For a moment, imagine the stress and frustration that must come with working to support your family, but still coming up short. When the money runs out before the days in the month do, and then along comes the happiest time of the year.
It might be hard to seem happy when you struggle to be Santa for those who rely on you to do just that.
Monty McCuiston, owner of Max’s 641 Towing in Murray, saw families and fellow parents in that struggle at Christmas when his kids were in school. He saw Family Resource Centers at both Calloway County School and Murray Independent Schools also struggling—fighting to fill the gap between their funding and the rising needs of their students and families.
“Being involved with the schools and seeing the struggles that a lot of families have, we just felt like that we needed to give back to our community,” Monty recalls of the beginnings of Towing for Toys.
“Being in business here for so long, we wanted to repay in a way that could be a part of the families in our community.”
What he learned very quickly, he remembers, was that the magnitude of the need he’d recognized in his community and aimed to fill outstripped even his greatest imagination.
“In our first year, we knew that there was a need but we had no clue what to expect,” he says.
“We thought if we could raise $500 or $1,000, we’d be doing exceptional.”
“And, we did that–in our first year, we brought in about $1,500.”
“We were slow getting going, but after that first year, seeing firsthand how things are and how many families and children that are needing help, the next year we doubled and the third year we tripled that, and then last year we ended up with a little over $25,000 in donations and toys.”
“This year, our goal is to hit $30,000.”
For the Family Resource Centers that Monty works to provide for, his work truly has been exceptional.
“Monty just took this opportunity and ran, and it’s amazing how every single year he just does more and more,” says Jan Wilson, Little Laker Family Resource Center Coordinator for Calloway County Schools.
Calloway’s Laker Christmas Program, according to Jan, provides Christmas gifts to between 600 and 1,000 children a year—kids who would otherwise have few or no gifts under the trees without it.
“We try to spend or have toys that amount to between $100 and $125 per kid,” Jan says.
“That’s a huge need, and we don’t have the money in our grants or our funds to provide this.”
“We have to rely on the community to donate everything.”
“We’ve done this for 20+ years and it never fails.”
“We’ll sit and worry, worry, worry, but then it comes through.”
“When Monty started Towing for Toys, the donations have just amazed us.”
“We take donations from other people, but his program probably does one-third of all the needs that we have.”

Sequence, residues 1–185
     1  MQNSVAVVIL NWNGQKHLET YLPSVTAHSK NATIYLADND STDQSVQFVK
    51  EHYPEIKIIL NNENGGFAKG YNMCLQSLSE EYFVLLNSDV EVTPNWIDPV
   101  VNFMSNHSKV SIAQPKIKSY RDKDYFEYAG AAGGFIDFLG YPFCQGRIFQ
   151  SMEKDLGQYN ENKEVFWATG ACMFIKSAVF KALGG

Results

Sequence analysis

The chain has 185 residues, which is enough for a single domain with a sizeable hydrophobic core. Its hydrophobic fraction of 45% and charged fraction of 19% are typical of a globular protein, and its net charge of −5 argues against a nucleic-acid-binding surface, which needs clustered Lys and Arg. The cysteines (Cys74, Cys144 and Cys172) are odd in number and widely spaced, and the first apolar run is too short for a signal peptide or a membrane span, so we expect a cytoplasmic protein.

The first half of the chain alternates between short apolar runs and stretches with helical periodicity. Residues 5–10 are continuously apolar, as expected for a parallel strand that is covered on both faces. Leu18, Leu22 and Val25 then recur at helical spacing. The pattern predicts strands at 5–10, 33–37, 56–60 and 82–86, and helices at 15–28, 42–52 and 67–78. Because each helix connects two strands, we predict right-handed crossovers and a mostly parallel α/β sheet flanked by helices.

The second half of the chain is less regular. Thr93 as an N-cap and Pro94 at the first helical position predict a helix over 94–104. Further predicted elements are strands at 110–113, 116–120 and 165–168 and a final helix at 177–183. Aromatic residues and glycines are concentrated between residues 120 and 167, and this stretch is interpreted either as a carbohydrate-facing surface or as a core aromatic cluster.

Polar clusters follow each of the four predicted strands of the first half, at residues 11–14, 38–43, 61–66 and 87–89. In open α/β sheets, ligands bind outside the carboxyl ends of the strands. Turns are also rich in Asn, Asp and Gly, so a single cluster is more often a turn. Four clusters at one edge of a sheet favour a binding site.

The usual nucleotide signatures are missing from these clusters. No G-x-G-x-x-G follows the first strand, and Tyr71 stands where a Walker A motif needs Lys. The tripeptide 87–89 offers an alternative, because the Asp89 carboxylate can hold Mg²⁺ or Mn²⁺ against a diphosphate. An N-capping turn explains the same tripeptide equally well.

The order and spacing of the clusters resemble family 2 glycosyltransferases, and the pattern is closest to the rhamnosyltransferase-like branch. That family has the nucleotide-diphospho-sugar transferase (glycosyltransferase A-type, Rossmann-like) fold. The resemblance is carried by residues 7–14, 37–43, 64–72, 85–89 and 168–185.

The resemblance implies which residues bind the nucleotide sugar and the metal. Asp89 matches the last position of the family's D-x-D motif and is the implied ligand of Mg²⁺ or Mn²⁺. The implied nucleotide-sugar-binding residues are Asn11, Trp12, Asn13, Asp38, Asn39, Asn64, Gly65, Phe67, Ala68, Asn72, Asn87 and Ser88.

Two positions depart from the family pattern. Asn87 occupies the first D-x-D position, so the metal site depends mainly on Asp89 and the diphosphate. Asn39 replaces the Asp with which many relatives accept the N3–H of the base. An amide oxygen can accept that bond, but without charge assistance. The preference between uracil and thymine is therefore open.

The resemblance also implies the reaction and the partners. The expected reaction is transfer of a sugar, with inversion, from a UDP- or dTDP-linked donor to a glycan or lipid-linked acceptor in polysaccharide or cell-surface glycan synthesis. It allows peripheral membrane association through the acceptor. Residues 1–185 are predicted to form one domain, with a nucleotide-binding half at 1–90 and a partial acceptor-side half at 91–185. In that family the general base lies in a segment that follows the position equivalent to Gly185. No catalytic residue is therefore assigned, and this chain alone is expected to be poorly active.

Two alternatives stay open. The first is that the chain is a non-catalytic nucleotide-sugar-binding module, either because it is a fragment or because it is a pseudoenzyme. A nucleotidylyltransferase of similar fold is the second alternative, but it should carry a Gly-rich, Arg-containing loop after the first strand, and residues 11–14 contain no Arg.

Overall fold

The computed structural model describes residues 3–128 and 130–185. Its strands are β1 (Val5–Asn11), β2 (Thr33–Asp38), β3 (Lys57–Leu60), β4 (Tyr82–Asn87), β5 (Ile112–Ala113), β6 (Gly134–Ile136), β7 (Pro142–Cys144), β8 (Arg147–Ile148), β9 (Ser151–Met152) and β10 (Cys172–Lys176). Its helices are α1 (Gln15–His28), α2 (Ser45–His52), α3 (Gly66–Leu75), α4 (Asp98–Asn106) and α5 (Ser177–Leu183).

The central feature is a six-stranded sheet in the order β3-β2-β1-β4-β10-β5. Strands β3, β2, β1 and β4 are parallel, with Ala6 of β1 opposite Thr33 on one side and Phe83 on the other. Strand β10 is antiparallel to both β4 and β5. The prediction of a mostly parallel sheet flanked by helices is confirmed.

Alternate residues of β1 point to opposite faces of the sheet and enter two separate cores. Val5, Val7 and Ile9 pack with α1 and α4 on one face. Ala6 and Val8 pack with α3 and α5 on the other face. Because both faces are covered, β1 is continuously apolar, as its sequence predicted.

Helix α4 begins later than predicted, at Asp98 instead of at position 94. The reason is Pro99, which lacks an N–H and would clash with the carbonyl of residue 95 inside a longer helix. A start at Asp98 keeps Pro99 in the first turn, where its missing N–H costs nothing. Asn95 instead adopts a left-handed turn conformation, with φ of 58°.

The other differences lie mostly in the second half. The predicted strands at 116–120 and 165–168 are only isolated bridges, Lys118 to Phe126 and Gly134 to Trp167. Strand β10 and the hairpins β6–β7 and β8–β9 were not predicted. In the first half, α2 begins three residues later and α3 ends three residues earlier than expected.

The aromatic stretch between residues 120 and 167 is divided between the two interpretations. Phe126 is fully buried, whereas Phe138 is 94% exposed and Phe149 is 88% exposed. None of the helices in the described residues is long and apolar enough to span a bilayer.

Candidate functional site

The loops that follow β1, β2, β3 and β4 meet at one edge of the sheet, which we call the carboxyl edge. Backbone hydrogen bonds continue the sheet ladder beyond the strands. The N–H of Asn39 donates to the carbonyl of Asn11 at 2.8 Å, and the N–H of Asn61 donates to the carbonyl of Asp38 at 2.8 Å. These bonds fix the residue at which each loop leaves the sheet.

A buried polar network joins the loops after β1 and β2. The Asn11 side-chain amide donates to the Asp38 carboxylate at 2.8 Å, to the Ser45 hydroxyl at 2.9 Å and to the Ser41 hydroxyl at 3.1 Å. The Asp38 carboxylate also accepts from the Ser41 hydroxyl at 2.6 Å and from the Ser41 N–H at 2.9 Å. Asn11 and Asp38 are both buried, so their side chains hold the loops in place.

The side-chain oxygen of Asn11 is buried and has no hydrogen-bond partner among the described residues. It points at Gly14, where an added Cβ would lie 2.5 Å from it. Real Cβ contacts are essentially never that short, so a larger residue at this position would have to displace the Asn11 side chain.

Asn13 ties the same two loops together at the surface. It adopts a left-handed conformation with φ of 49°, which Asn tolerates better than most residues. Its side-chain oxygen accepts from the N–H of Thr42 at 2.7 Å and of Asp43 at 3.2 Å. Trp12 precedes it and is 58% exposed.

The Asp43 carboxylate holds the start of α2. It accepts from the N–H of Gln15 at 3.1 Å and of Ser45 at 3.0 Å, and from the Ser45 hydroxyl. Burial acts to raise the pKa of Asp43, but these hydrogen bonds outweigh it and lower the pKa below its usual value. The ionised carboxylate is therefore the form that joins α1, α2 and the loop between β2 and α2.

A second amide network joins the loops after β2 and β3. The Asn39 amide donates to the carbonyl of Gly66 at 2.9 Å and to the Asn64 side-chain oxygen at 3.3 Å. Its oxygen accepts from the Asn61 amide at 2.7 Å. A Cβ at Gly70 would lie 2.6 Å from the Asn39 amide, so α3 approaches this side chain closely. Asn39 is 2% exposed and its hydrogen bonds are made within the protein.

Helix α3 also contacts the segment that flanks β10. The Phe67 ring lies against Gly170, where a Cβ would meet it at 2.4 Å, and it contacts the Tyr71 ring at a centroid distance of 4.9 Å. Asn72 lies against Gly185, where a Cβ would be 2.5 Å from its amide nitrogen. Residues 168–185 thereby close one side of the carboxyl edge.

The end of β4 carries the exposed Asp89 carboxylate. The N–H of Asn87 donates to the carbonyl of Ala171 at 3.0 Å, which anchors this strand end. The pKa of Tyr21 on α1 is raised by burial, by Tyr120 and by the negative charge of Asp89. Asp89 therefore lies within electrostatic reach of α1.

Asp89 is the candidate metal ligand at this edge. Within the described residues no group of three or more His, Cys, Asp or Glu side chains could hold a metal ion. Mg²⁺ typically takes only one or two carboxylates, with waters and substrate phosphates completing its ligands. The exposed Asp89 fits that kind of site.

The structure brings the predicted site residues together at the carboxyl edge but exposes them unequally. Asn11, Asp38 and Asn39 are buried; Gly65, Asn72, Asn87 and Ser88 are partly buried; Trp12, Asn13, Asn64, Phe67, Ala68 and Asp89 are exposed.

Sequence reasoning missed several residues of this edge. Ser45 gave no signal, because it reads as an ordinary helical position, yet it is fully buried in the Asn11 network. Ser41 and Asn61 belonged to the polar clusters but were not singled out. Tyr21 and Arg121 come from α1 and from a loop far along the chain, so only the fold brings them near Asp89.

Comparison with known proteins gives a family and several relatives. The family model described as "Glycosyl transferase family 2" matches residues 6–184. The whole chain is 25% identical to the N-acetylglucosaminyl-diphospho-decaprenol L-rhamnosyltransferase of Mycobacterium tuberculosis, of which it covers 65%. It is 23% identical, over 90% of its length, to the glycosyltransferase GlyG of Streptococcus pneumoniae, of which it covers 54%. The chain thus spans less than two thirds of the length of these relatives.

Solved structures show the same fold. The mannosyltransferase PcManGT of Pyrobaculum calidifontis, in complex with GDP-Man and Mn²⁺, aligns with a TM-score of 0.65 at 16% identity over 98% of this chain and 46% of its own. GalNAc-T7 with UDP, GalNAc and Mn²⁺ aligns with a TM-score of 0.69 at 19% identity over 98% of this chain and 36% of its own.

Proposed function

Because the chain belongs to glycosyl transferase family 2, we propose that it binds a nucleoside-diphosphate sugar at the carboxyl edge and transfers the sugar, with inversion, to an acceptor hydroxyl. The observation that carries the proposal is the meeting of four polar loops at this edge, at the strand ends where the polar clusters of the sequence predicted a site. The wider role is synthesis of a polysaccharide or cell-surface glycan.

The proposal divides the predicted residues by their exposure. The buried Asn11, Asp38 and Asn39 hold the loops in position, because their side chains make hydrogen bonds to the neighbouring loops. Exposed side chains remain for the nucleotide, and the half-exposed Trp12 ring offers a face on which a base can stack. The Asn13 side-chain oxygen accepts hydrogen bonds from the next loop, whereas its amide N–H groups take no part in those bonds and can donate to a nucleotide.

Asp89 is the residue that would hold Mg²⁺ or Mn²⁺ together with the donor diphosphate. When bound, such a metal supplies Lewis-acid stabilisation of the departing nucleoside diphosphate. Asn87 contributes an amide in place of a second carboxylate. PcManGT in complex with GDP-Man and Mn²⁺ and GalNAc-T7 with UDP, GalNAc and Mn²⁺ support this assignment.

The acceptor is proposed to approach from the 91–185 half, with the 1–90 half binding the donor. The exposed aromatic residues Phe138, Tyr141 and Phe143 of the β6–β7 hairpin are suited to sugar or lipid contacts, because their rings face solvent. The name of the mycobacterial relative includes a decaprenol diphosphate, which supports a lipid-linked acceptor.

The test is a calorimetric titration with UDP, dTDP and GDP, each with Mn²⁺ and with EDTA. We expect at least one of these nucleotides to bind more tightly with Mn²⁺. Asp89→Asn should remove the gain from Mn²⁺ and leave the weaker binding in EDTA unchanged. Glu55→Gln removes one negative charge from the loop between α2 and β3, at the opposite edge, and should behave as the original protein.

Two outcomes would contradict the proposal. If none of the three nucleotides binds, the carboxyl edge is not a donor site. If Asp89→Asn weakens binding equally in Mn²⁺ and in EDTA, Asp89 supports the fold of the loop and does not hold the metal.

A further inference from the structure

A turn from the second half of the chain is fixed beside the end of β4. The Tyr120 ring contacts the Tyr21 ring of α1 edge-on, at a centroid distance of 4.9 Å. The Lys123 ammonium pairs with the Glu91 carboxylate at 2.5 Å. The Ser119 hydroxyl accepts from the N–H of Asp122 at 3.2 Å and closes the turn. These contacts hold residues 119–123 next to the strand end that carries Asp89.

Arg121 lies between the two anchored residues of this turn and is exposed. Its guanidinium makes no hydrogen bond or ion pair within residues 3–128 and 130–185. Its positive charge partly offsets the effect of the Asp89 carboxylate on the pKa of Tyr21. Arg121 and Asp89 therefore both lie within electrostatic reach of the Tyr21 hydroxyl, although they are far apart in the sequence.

Even though Family Resource Coordinators like Jan Wilson and her counterpart Janeann Turner, Coordinator of the Den Youth Service Center for Murray Independent Schools, still facilitate the program – taking applications from families, interviewing applicants in Calloway’s program, compiling wish lists and childrens’ clothing sizes, inventorying donations and packaging gifts – one of the major chores has been taken off their stressed shoulders, thanks to Monty’s Towing for Toys.
“In the past, we’ve had to go out to banks and stores and ask if we can put up a tree and let us hang Tiger Tags,” says Janeann.
“You can see Tiger Tags in Wal-Mart and in a couple of the banks, but a majority of them Monty has taken over.”
“That’s just one area that we don’t have to worry about anymore.”
Jan echoes the sentiment.
“His program has reduced our coordinators’ stress levels tremendously,” she says.
“Knowing that he is out there fighting for these kids and wanting to make sure that every one of these kids has a good Christmas is just amazing.”
Much like little elves, Monty’s employees at Max’s 641 Towing spend the year making opportunities for their fellow community members to give. A benefit concert in 2018 partnered with a Tow Truck Pulling Event was a signature event, but smaller fundraisers that range from rebate nights at local restaurants to t-shirt sales all combine to bring in enough money and toys to meet the rising need.
“More and more families are struggling,” says Janeann.
“Even homes with two parents still struggle.”
Lucky for those families, in Murray and Calloway County, it turns out Santa drives a tow truck instead of a sleigh.
The Towing for Toys elves work year-round to ensure that all families in Murray and Calloway County have a very merry Christmas. To keep up with their fundraising efforts or to learn how you can donate or volunteer, visit www.towingfortoys.com.
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